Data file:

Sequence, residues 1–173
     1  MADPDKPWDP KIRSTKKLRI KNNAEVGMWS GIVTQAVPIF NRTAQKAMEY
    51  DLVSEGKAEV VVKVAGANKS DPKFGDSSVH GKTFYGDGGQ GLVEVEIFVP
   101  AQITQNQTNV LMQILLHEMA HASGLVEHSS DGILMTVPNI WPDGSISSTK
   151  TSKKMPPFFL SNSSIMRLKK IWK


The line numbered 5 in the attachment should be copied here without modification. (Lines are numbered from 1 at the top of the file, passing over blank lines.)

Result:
   151  TSKKMPPFFL SNSSIMRLKK IWK